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Eating Disorders

Are you or your child suffering from anorexia, bulimia, binge eating and other eating disorders?
Center for Discovery can help. Center for Discovery has been helping teens and adolescents with eating disorders for over 17 years. Call toll free: 1-855-324-9428.

What is a Teen Eating Disorder?

Teenagers and adolescents are notoriously concerned about their appearance. How many times has a young person considered a facial blemish an earth-shattering event? But no matter how devastated they appear to be, somehow the next day they bounce back (after copious amounts of Clearasil perhaps) as if nothing had ever happened. Sometimes, however, they don't bounce back. Sometimes no matter how good they look, how thin they are, they just don't seem to see that reality. They may be part of the 3 - 4% of the female and 1% of the male population that suffers from an eating disorder. The three prevalent disorders are Bulimia, Anorexia, and Binge Eating Disorder.

Eating disorders are serious and a are cause for concern. Bulimia and Anorexia have the highest mortality rates of any psychological disease.

An eating disorder is a coping strategy that an individual uses to deal with deeper problems that are too painful or difficult to address directly. There are many forms that an eating disorder can take. The three disorders that are the most devastating and the most difficult to treat are Anorexia, Bulimia, and Binge Eating Disorder.

Bulimia Nervosa is defined as a disorder in which there are frequent episodes of binge eating (eating large amounts of food in a rapid fashion) followed by the purging of that food (binge and purge). Purging involves vomiting, the use of laxatives, and the use of diuretics. After each binge and purge, the bulimic feels remorse, shame, and guilt. They are usually very secret about this behavior.

Anorexia Nervosa is a disorder in which there is intensive preoccupation with weight and thinness, food and dieting. Anorexics fear fat. This preoccupation with fear leads to excessive weight loss.

Binge Eating Disorder is also called compulsive overeating. This, like bulimia is often kept secret. Unlike bulimia, no purging is involved. People with this disorder also hold great shame and guilt.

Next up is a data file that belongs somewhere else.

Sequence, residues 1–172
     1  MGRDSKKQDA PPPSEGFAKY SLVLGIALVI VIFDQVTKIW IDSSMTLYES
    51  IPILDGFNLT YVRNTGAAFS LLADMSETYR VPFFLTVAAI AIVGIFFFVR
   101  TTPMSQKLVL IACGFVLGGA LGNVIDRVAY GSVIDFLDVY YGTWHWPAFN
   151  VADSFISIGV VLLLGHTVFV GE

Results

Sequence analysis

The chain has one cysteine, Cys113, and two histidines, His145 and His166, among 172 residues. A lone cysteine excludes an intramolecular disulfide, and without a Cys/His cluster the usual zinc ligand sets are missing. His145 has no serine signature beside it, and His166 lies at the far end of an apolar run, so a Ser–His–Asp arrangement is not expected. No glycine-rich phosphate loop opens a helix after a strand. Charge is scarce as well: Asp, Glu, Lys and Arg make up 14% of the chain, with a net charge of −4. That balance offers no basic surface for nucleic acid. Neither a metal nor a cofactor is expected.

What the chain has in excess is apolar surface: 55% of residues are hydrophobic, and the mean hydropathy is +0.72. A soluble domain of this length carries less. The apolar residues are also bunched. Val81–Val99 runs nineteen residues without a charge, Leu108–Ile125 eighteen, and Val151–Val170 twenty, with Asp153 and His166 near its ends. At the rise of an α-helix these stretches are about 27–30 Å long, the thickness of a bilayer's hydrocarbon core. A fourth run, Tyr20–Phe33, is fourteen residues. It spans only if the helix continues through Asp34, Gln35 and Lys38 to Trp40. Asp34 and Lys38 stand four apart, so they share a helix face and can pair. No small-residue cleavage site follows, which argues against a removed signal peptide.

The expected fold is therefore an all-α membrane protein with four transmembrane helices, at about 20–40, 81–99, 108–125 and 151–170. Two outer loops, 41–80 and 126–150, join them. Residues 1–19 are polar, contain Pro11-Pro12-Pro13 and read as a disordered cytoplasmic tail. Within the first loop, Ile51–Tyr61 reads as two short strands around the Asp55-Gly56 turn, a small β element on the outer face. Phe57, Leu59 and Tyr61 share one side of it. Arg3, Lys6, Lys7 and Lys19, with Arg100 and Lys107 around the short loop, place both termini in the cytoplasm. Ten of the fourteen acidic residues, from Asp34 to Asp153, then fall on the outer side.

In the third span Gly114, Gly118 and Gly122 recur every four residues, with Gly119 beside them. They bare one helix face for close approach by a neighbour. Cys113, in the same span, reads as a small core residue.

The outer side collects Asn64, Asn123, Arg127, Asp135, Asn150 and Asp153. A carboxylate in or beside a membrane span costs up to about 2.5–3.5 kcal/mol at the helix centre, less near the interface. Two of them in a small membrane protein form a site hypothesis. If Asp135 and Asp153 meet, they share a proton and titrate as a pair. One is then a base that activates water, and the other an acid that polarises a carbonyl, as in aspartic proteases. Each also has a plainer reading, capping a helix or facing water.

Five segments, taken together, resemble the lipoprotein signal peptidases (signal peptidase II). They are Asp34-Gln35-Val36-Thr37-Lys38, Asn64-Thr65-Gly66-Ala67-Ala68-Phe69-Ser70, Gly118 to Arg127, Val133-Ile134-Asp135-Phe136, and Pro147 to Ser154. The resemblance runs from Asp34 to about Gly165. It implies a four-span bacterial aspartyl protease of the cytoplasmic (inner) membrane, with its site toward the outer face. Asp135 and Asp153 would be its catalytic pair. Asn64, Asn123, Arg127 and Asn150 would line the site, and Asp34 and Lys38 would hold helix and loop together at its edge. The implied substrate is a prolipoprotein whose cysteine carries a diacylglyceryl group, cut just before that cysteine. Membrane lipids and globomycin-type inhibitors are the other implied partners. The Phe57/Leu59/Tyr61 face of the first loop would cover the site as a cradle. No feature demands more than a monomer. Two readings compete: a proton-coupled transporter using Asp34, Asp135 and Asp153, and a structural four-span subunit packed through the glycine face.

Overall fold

For all eating disorders, preoccupation with food, weight and appearance can mask greater psychological problems. Psychological theories state that people with eating disorders use food and their bodies as a means for control over themselves and possibly others. In some cases this is because they believe they are out of control of other aspects of their life.

What are the Symptoms of Eating Disorders?

Some of the symptoms of Anorexia are: Loss of a significant amount of weight and continues to lose weight, intense fear of 'fat' or weight gain, loss of menstrual periods, preoccupation with food and food related subjects, hair loss, cold hands, feet and extremities, fainting, compulsive exercising, lying (mostly about food), depression and anxiety.

Some symptoms of Bulimia are: uncontrollable eating (binging), fasting, over zealous exercise, laxative and/or diuretic abuse, using bathroom after meals, preoccupation with body weight, depression, feeling out of control, swollen glands, irregular menstrual periods, weakness, dental problems, sore throat, weakness.

Symptoms of Binge Eating Disorder include: Episodes of binge eating, eating when not hungry, very frequent dieting, feelings of being out of control, depression, shame, antisocial behavior, obesity.

How are Eating Disorders diagnosed?

A series of checklists that cover behavior and outward symptoms like those outlined above is given to both the caregivers and the person who is exhibiting those symptoms. Diagnosis is made by a professional diagnostician, but you can take these quizzes to further help you determine whether or not your child is suffering from an Eating Disorder.

How are Eating Disorders treated?

On a basic level, the most successful treatment for eating disorders is an integrated program of behavior modification, cognitive therapy and psychological intervention. There are several different levels of treatment for adolescents and teens dealing with eating disorders.

In the more serious phases of the disorders, there can be serious medical consequences. Medication is given to address these consequences. These consequences include: For Anorexia, some of the medical consequences are bone and mineral loss, low body temperature, low blood pressure, slowed metabolism, and irregular heartbeat that can lead to cardiac arrest. Bulimia can lead to dehydration, damage to organs kidney, liver and bowels, and irregular heartbeat that can lead to cardiac arrest. Among the medical consequences of Binge Disorder are high blood pressure, high cholesterol, obesity, gall bladder disease, and heart disease.

Depending on the stage of the disorder, patients are treated on either an outpatient or inpatient basis. Upon recovery, there are support groups and 12-step programs available for both the adolescent and their families.

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